Pharmacists Want a Piece of the Marijuana Business
Medical marijuana is a drug and a controlled substance. Patients are already using it in more than a dozen states, including California, and it will be available in Illinois next year. Still, it remains tightly regulated by state officials and illegal under federal law.
In preparation for the reformed law in Illinois, our Los Angeles marijuana lawyers have learned that pharmacists are seeking permission to involve themselves in the process.
Several pharmacists have made their case to the Illinois State Board of Pharmacy members, who advise a state agency involved in drafting rules for Illinois’ new medical marijuana program. The board members did express some interest in the idea, however they stopped short of fully endorsing it.
The chairman stressed at the outset of the meeting that the board has nothing to do with medical cannabis. “We’re not interested, frankly, because we’re not involved,” he said. But other board members said the idea was an intriguing one.
This does not mean its likely to occur in the immediate future. Federal law bars pharmacists from selling marijuana.
It’s considered a Schedule I controlled substances. This is the same schedule that includes drugs such as LSD, heroin and ecstasy. The classification requires that the drug be considered extremely dangerous, extremely addictive and medically useless.
Of course, it’s been obvious for some time that marijuana is improperly classified. However, federal regulators have given no indication that will change anytime soon. Efforts to change the classification through litigation have so far proven unsuccessful.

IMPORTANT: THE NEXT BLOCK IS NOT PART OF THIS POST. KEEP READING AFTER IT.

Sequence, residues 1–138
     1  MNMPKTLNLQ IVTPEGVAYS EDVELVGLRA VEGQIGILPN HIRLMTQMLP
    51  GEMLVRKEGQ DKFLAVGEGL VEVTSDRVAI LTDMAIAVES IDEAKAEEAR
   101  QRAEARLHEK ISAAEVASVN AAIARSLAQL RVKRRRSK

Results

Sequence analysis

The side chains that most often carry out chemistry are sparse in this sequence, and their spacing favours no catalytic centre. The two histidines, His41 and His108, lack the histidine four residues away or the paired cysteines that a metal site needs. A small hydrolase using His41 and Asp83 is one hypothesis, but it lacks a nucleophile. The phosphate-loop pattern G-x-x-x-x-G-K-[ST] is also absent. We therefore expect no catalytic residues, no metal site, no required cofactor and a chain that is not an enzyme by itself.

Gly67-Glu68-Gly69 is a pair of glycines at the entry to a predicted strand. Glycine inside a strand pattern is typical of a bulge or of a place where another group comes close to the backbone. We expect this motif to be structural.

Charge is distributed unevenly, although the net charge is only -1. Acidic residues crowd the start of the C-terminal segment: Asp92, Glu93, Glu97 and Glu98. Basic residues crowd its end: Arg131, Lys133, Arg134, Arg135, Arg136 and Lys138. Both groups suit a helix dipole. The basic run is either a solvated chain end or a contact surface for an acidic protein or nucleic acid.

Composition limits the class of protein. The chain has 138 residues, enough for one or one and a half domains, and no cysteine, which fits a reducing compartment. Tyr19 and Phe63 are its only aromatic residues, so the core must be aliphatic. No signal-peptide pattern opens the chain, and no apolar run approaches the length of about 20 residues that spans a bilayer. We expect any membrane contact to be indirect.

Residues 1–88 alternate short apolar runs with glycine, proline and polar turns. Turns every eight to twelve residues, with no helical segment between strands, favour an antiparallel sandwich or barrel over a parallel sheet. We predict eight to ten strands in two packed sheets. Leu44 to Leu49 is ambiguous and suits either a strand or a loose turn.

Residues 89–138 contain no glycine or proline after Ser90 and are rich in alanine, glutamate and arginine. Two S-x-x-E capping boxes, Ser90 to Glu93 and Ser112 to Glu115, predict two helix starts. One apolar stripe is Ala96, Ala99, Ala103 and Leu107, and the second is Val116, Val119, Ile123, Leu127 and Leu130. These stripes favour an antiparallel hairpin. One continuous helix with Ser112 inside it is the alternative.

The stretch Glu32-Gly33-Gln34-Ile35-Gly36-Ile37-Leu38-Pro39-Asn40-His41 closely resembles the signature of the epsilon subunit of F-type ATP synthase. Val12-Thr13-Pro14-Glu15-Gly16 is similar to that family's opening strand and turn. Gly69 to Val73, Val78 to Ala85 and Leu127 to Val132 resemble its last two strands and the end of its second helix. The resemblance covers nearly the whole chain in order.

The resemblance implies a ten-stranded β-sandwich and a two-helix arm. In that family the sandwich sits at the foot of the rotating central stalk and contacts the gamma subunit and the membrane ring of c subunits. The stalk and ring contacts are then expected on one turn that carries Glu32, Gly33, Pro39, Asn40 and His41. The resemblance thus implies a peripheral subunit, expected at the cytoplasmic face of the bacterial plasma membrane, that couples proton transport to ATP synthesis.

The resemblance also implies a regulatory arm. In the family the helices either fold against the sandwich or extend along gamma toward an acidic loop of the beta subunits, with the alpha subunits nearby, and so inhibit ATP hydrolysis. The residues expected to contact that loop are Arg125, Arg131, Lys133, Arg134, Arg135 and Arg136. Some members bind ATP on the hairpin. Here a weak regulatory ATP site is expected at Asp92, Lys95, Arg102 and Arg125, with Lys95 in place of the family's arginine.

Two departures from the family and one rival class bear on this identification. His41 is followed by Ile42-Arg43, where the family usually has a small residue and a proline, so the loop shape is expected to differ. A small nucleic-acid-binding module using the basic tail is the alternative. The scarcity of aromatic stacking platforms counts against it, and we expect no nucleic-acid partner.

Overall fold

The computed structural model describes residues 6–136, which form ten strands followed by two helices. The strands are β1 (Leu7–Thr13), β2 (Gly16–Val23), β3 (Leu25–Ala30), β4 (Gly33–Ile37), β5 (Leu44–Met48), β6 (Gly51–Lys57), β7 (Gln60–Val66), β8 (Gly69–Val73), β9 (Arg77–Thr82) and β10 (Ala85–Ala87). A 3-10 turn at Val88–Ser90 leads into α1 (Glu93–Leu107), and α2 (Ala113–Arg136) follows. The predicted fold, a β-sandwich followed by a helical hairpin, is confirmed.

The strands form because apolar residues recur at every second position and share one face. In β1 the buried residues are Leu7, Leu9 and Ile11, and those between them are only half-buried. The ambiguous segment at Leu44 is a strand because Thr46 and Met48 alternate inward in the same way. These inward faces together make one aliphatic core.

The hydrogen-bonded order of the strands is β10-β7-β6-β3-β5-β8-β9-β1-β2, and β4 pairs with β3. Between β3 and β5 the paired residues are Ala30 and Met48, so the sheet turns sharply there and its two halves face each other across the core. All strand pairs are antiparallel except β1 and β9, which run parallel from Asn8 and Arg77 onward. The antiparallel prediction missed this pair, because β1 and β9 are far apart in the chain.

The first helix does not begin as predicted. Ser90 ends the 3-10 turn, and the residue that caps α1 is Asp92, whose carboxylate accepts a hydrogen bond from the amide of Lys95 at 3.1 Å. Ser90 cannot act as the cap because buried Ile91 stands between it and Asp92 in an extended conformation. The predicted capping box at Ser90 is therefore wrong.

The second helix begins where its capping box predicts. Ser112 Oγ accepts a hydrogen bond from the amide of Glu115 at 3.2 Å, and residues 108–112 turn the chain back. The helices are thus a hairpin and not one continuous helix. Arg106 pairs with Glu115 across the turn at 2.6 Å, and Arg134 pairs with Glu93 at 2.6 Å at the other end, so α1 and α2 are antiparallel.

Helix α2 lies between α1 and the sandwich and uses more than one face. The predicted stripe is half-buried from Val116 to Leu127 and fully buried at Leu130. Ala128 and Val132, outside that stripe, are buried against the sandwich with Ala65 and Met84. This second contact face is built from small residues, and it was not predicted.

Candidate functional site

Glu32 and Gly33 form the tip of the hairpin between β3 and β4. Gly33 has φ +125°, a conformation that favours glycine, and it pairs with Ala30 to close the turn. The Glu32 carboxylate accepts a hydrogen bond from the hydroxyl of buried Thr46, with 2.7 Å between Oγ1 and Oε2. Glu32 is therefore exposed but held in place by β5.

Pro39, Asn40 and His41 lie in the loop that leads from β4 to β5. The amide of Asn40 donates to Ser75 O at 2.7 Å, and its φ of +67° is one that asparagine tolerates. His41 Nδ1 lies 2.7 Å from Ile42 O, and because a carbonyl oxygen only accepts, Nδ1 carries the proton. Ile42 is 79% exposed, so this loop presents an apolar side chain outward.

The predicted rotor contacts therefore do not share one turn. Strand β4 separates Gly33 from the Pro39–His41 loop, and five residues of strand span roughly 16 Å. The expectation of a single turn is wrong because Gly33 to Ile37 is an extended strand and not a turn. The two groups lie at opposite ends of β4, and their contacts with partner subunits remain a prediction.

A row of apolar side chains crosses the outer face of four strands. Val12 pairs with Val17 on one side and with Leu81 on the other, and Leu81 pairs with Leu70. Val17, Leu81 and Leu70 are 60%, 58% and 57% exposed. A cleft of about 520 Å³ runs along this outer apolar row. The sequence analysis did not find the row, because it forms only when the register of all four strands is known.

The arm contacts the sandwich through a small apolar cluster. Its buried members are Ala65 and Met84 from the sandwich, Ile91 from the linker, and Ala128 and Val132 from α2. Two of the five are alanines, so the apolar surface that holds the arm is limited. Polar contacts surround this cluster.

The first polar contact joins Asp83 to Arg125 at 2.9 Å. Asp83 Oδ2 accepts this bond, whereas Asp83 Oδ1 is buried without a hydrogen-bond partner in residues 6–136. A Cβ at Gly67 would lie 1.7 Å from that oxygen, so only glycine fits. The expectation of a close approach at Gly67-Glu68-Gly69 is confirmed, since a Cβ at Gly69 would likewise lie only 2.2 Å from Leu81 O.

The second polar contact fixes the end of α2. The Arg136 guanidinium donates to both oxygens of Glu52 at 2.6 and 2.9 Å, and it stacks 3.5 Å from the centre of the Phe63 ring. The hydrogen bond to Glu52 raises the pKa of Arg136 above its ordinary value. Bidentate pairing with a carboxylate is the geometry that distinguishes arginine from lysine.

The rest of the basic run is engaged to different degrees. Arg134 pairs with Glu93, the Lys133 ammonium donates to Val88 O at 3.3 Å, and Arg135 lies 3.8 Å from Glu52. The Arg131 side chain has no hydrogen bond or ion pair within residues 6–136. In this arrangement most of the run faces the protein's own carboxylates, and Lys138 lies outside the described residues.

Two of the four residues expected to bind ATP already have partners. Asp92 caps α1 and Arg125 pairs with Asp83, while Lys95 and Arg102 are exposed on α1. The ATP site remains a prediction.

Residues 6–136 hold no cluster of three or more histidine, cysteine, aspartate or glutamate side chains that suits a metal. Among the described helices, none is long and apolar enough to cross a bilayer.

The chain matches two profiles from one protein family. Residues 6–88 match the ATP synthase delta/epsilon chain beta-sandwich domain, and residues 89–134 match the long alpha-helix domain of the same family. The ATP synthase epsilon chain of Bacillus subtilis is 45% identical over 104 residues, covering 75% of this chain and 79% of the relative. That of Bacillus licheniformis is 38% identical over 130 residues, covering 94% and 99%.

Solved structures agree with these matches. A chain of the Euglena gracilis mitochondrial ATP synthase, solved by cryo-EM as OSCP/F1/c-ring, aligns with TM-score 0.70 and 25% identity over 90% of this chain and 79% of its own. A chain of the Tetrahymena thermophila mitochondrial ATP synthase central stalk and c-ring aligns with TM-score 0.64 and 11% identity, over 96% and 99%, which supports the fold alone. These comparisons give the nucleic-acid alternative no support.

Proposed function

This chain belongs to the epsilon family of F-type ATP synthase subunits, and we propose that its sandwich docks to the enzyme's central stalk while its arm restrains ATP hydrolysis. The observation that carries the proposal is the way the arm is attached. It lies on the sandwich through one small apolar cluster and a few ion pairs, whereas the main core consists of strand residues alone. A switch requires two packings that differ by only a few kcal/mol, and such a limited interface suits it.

Pharmacists must have authorization from the DEA to sell controlled substances. Currently, a pharmaceutical license bars the sale of weed under any circumstances. Pot may be legal under state laws for medical uses, but it’s illegal under federal law for all purposes.
Twenty-one states have legalized medicinal cannabis, including two – Colorado and Washington – that have gone further and legalized recreational pot for all adults over 21. California adopted medicinal weed in 1996, while Illinois did so in 2013.
The U.S. Justice Department announced in August it wouldn’t interfere with legal weed as long as states enforce strict federal guidelines such as keeping it away from kids.
Under the some state laws (such as Illinois), anyone over 21 who doesn’t have a felony record is eligible for a license to sell medical pot. The state will license up to 60 dispensaries to sell the drug.
The State Board of Pharmacy advises the Illinois Department of Financial and Professional Regulation, one of the state agencies responsible for writing the rules for medical marijuana. The board will offer its input once the draft regulations are available for public comment.
Advocates for greater marijuana access are wary of the idea of pharmacists distributing the drug. Some say there is a concern pharmacists could open the door to big pharmaceutical companies, which could take over the industry from local cultivators and retailers.
Pharmacists could also restrict variety, creating homogenous choices with limited doses. Much the same has happened in over-regulated markets such as Canada, where the weak, noxious CanniMed brand has long been propped up by government monopoly.
The Los Angeles CANNABIS LAW Group represents growers, dispensaries, collectives, patients and those facing marijuana charges. Call us at 949-375-4734.
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Budding Industry for Labs Testing Marijuana, December 27, 2013, Los Angeles Marijuana Lawyer Blog